"Elusive, expensive and invested with powerful symbolism, red cloth became the prize possession of the wealthy and well-born," Greenfield writes in her intricate, fully researched and stylishly written history of Europe's centuries-long clamor for cochineal, a dye capable of producing the "brightest, strongest red the Old World had ever seen." Discovered by Spanish conquistadors in Mexico in 1519, cochineal became one of Spain's top colonial commodities. Striving to maintain a trade monopoly, Spain fiercely guarded the secrets of cochineal cultivation in Mexico and only after centuries of speculation (was the red powder derived from plant or animal?) did 18th-century microscopes bring the mystery to light. Greenfield recounts the wild, clandestine attempts by adventurer naturalists to cultivate both the cochineal insect and its host plant, nopal, beyond their native Mexico, acts of folly driven by the desire for scientific fame and commercial profit. Greenfield's narrative culminates in the 19th-century discovery of synthetic dyes that, for a period, eclipsed cochineal. However, as she explains, owing to its safety, cochineal is back to stay as a cosmetics and food dye. Greenfield's absorbing account encompasses the history of European dyers' guilds, the use of pigments by artists such as Rembrandt and Turner, and the changing associations of the color red, from the luxurious robes of kings and cardinals to its latter-day incarnation as the garb of the "scarlet woman." 8 pages of color illus. not seen by PW.Agent, Tina Bennett.(May 2)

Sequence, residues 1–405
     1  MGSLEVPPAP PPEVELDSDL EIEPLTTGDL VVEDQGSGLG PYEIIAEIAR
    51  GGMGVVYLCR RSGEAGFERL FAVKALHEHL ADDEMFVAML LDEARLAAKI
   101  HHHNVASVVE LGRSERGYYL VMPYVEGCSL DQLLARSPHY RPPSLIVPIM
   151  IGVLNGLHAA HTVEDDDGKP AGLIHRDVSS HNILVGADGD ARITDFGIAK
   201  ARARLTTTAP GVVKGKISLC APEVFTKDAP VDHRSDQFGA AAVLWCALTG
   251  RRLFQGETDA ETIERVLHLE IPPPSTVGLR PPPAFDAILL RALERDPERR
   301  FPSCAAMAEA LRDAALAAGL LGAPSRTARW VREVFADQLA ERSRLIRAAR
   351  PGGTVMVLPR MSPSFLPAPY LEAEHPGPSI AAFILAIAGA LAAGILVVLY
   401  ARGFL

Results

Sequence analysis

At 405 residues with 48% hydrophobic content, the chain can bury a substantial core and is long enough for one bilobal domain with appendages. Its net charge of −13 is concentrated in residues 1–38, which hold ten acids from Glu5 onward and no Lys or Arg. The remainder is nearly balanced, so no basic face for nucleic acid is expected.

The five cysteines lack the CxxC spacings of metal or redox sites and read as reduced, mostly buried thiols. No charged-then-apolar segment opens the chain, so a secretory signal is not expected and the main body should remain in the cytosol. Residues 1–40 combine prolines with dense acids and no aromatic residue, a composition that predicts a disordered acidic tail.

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Pirates! Kings! Beautiful ladies! Daring spies! Elements essential for a page-turning action/adventure thriller, yes, but who would think they'd turn up in a scholarly examination of a little-known substance called cochineal? It is responsible for producing that elusive shade of red deemed vital for dyeing royalty's robes, and the quest for this coveted resource involved some of history's most infamous episodes and ignoble scoundrels. Native to Mexico, the scale insect cochineal was first harvested as a dyestuff by the ancient Aztecs, and once its properties were discovered by European conquistadors, it became the quarry in an international race to obtain a monopoly on its production. As first Spain, and then England, France, and Holland entered the race to procure this precious commodity, nothing less than the way in which the New World was conquered and the Old World prospered was at stake. The granddaughter and great-granddaughter of dyers, Greenfield combines the investigative prowess of a detective with the intellectual reasoning of an academician to create an eminently entertaining and educational read. Carol Haggas
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This non-fiction book reads like a good historical fiction novel. The narrative is well-written, comprehensive & addictive. Read morePublished on Aug. 28 2012 by Rouge Rogue